posted by D.C. at 1:47 AM on October 27, 2009


What Apple say about AAC & MP3 I & II.

You can use Apple Lossless encoding if your iPod has a dock connector & you've updated the software which will be the best quality. This is my personal choice for max quality and decent space saving when I'm not using WAV or AIFF.

The most important thing is to get some decent headphones, e.g. Sennheiser HD 25s, as you won't notice any quality difference on bog-standard ones. Sony have some good & some not-so-good so depends which ones you have.
posted by i_cola at 1:51 AM on October 27, 2009


Oh, and have the Use error correction when importing Audio CDs option in iTunes > Preferences > General > Import Settings...
posted by i_cola at 1:55 AM on October 27, 2009


Seconding the FLAC (or other lossless format) recommendation for archival.

Having the pristine originals then allows me to second the use of AAC for the listening, and specifically D.C.'s comment. (I haven't tried what he's discussing but it's sound reasoning.)

P.s., I like Koss Porta-Pro headphones for very cheap, very cool looking and quite high-quality listening.
posted by krilli at 1:56 AM on October 27, 2009


If you have the discs, then I don't know why you would rip to FLAC. You have the original copies anyway (and if you don't play them they should stay good for quite a number of years and probably be a more secure backup than FLACs on a hard drive).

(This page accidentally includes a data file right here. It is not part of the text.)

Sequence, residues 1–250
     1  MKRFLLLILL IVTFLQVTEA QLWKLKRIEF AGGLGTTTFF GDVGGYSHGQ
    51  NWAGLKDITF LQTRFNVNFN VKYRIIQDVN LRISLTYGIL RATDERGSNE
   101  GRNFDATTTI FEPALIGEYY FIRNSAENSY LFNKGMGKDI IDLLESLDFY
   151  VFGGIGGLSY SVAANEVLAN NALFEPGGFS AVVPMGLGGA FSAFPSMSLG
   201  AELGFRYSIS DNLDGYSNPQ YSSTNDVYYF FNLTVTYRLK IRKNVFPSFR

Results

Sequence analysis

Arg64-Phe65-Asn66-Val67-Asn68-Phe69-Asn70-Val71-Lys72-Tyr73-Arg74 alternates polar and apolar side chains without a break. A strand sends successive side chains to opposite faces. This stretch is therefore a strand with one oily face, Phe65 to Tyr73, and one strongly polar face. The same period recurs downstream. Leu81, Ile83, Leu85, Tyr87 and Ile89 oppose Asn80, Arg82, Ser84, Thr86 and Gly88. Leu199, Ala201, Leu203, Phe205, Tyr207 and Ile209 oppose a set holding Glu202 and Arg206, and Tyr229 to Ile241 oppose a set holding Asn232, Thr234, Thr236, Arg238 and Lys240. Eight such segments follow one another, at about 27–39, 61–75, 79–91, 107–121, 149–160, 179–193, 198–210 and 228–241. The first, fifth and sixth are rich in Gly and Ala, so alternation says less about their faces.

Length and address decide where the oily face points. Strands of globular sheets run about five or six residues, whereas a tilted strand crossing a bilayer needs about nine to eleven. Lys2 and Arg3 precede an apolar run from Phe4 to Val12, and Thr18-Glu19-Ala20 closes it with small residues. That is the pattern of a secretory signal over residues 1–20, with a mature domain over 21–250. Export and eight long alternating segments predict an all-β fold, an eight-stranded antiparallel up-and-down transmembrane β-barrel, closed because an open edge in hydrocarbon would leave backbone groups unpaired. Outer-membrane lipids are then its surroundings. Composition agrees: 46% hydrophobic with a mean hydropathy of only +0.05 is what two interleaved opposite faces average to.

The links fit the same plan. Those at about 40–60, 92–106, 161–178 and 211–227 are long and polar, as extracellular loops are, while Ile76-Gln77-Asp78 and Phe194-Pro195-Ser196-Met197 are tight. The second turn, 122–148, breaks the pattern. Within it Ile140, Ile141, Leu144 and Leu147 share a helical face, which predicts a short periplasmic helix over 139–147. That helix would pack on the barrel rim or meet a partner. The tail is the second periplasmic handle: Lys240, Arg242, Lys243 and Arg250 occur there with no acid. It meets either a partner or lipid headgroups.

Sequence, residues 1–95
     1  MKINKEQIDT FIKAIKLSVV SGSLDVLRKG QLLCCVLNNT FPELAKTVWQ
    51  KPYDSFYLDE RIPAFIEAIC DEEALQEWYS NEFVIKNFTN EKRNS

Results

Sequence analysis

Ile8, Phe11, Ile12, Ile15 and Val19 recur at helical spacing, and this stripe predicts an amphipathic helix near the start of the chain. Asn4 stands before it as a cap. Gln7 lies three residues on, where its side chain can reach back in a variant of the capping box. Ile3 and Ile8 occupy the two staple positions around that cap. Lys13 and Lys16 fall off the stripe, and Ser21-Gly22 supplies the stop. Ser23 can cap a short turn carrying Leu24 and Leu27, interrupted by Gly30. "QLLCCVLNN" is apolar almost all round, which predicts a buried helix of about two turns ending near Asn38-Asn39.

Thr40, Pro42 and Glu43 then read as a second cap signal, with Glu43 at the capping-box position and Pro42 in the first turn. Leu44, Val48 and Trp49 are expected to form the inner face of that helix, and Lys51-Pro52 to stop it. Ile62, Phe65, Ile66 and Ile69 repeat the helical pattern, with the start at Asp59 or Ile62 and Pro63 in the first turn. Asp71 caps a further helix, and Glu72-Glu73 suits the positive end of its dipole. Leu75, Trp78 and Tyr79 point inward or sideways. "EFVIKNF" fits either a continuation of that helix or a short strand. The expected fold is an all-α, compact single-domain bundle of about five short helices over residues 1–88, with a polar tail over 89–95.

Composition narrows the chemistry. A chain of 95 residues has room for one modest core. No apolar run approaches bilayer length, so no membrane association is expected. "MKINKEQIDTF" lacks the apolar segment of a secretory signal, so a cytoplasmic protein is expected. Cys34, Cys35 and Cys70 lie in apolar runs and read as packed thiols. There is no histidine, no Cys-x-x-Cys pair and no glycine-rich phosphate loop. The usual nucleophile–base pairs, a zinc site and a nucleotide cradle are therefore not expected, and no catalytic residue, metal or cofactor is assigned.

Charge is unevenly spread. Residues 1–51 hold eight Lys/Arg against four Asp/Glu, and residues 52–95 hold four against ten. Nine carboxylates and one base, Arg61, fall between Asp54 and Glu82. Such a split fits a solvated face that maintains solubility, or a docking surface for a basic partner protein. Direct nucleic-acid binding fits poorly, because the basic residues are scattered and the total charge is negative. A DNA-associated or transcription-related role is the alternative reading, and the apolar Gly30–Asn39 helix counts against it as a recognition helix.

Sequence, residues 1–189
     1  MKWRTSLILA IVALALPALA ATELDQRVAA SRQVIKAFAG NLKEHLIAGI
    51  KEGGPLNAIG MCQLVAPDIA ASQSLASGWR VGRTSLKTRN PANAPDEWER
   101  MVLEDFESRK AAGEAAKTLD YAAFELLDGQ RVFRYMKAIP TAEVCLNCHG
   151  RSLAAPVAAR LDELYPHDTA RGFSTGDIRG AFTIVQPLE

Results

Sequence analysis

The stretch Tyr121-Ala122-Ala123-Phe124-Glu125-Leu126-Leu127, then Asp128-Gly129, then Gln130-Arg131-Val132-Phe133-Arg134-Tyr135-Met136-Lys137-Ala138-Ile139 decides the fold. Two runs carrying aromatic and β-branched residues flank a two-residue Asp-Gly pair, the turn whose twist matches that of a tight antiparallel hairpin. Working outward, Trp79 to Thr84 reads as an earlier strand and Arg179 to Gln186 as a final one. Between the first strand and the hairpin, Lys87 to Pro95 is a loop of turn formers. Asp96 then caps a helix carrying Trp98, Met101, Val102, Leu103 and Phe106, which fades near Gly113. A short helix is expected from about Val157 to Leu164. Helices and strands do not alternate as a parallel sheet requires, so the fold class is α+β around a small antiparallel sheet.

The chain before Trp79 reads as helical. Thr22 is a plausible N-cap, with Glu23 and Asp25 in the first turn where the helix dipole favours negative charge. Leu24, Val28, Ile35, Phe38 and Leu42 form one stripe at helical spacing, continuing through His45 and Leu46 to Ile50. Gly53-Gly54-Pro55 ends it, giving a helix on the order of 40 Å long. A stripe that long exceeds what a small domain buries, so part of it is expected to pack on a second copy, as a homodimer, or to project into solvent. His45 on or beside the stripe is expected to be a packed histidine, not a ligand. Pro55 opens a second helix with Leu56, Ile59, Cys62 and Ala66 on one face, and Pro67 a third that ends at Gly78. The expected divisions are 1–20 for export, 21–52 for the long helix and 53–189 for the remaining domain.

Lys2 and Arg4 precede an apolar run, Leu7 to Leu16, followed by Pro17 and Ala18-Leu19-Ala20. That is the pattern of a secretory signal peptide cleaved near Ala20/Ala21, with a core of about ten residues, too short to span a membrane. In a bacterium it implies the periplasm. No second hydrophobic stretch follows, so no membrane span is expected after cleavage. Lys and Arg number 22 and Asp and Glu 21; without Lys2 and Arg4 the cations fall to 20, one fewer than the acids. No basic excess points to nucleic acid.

I'd go for some variable bit rate MP3 or AAC. I really hardly know anything about AAC, but if you go for MP3s then V0 (the "extreme" setting) should work nicely.
posted by bjrn at 2:03 AM on October 27, 2009


Agreeing with sinfony that a Lossless format is the way forward for archival purposes and to save re-ripping should your set-up improve one day. In the situation you describe (i.e. Having to use iTunes), then Apple Lossless would get my vote since FLAC isn't supported.

It retains the absolute best quality and future-proofness that lossless provides, and can easily be transcoded in to which ever more popular (as in widely supported for playback) format you choose (even a different lossless format - like FLAC if necessary). After all lossless is lossless is lossless.

Any other format will suffer some degradation - even if you can't notice it now - that's why they're called lossy formats.

Also, the MP3 encoder built in to iTunes sounds poor compared to LAME, so if you need to make MP3s do your ears a favour and choose a better encoder / ripping program for your platform. e.g. EAC for Windows and XLDfor Mac , paired with whichever codec (FLAC / LAME etc.) suits best.

posted by dirm at 2:09 AM on October 27, 2009